Sunday, October 08, 2006

Preparing the Terrain?

Have the Israelis already “prepared the terrain” for a potential next round?

There is an excellent article in the New York Times that discusses facts about cluster bomb use in Lebanon. There is little to add to the piece, except from a purely military perspective. I would retain the following three facts:

1- Failure Rate

Cluster bombs tend to have a failure rate of less than 15%. They are designed to cause as much damage as possible on formations located in open areas. Those bombs are different.

The bombs dropped on Lebanon appear to have at least a 40% "failure rate". As a result, different newspaper reports now claim that between 500,000 and 1 Million unexploded devices remain in Lebanon.

A note of caution; To the best of my knowleedge, those number were first reported by an unnamed Israeli officer, who was ”quoting his battalion commander, the rocket unit head stated that the IDF fired around 1,800 cluster bombs, containing over 1.2 million cluster bomblets”. A friend of a friend of a friend... I am not sure if the other reports are based on "on the ground estimate", or on the same thing.

Whatever the true number, however, the situation remains dire in southern Lebanon; "as of October 3, 124 people had been killed or wounded by unexploded bombs". This will place more pressure on the persisting crisis...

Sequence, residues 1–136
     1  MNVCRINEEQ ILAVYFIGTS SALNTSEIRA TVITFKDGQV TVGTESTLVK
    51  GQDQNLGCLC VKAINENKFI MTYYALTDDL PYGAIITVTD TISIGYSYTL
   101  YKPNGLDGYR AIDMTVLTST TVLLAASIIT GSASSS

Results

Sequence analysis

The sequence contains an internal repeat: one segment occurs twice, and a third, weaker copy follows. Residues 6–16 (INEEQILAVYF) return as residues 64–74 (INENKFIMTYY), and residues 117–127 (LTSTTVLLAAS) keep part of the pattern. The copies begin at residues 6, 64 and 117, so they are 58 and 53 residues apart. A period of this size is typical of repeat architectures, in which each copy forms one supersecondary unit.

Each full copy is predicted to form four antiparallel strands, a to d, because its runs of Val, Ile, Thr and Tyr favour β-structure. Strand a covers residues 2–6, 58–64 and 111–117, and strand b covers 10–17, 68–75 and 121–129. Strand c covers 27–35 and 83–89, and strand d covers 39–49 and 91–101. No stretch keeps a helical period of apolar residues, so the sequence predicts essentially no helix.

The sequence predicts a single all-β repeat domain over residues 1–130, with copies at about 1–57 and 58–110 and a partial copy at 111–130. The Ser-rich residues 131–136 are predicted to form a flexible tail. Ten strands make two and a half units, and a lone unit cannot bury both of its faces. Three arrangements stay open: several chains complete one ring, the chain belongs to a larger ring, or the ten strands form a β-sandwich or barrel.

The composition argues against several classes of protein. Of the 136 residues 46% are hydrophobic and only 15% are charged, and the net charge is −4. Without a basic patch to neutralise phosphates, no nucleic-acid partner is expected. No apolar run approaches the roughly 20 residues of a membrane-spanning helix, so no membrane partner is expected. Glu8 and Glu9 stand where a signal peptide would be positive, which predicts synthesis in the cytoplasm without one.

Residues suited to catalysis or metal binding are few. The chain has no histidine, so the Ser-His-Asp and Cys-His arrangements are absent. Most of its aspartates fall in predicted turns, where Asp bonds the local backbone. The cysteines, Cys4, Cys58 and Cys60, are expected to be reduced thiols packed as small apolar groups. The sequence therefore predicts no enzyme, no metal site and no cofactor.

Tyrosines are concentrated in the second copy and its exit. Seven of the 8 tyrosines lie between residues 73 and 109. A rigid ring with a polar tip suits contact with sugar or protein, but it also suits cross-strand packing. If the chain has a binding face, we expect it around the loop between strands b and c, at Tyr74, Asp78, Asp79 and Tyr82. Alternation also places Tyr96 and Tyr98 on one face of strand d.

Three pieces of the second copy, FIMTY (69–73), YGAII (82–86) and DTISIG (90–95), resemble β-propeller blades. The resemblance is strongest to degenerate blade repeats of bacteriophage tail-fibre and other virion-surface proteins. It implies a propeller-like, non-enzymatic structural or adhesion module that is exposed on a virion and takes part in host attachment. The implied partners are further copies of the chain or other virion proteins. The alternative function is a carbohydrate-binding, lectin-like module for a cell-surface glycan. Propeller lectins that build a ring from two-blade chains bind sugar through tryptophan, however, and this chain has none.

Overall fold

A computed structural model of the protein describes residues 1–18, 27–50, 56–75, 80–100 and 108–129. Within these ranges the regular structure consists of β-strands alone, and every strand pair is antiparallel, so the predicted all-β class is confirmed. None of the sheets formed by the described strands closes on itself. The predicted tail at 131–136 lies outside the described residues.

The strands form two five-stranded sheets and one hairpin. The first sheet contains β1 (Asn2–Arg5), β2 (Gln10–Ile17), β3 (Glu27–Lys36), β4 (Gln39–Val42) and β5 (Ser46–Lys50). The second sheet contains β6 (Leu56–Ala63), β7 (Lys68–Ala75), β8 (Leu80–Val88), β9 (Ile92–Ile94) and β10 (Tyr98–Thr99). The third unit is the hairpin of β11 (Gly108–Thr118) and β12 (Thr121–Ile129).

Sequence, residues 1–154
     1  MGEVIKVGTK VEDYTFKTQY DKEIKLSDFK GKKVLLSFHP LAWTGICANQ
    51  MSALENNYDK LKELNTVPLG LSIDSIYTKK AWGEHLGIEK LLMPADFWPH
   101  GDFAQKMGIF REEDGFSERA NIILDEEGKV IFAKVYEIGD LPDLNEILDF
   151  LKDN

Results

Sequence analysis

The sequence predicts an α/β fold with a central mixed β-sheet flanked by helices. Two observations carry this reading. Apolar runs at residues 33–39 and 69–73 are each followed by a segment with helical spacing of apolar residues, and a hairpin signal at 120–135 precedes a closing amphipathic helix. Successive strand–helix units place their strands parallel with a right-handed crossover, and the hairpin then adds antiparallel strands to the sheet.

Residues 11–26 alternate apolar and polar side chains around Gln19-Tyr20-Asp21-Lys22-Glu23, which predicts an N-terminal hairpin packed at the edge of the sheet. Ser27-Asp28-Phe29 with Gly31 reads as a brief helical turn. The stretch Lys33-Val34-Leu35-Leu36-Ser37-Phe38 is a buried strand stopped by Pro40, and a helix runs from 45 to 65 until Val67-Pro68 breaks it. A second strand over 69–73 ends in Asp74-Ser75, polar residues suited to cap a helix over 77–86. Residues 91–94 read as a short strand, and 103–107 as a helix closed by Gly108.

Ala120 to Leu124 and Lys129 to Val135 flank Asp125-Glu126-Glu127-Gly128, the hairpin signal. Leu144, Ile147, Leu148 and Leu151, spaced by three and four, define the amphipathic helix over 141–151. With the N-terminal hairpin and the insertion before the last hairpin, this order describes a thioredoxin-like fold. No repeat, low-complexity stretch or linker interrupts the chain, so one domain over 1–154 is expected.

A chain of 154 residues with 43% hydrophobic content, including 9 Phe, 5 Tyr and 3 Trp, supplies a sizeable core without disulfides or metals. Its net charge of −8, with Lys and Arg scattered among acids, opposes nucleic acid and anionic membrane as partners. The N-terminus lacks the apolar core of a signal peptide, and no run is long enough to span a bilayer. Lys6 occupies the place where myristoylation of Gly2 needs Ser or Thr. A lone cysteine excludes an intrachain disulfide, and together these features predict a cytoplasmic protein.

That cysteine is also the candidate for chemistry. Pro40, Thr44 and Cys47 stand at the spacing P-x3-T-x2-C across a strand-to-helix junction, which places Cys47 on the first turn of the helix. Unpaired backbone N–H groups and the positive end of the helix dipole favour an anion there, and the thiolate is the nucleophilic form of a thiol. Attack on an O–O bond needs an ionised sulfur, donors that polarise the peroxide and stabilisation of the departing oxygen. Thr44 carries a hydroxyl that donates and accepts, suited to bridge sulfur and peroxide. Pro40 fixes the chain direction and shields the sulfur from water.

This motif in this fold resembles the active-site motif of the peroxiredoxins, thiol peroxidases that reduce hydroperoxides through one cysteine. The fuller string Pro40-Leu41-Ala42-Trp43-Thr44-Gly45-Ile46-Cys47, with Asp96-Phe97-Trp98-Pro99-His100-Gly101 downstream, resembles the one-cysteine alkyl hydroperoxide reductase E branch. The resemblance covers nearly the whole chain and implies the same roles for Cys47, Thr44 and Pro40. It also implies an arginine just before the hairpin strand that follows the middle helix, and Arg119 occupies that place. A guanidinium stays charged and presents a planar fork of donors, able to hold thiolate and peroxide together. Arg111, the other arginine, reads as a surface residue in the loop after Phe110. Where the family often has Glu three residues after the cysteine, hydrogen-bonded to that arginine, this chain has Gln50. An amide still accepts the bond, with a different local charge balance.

2- Dispersion pattern: A New Road Map?

What I saw initially as inefficient, confused use of weaponry, may have been an efficient mining of Southern Lebanon, on a large scale. Add the following factors;

- Take into account the earlier minefields, of which have not been cleaned completely.

- Look at the roads of Lebanon, which show the most practicable avenues for logistics.

- And consider that the mandate of the UNIFIL is officially weak. With Hezb flexing its muscles and complicating their task, it is likely to be unable to disarm Hezb, and will have little choice but to stand by when the war comes back. And the resistance will protect us. Again.

3- The Rainy Season is Upon Us

So far, only 4,000 have been cleaned, this leaves at least 496,000 bombs that will easily sink into the ground when the rain comes. Many will then be left dormant, waiting for someone to step NEAR them. Or to be activated(?)

From a civilian standpoint, they would be worse than regular mines. From a military standpoint, mines are already obsolete.

Road Map for Invasion?

Add all these factors, and you have potential avenues for the next invasion, if and when it comes. This one will be different, however; since Hezb insists on keeping its state within the non-state, the already weak internal Lebanese consensus would have all but vanished.

When will it all re-start (Follow-Up: Oct. 10/2006)

In the meantime, however a tenuous peace will hold. But it will not last long; in an interview with Spiegel Online, The RAND Corporation's Bruce Hoffman stated that he does not feel Hezb's choice is an "'either/or-question" of it "changing into a political party [or staying] a terrorist threat".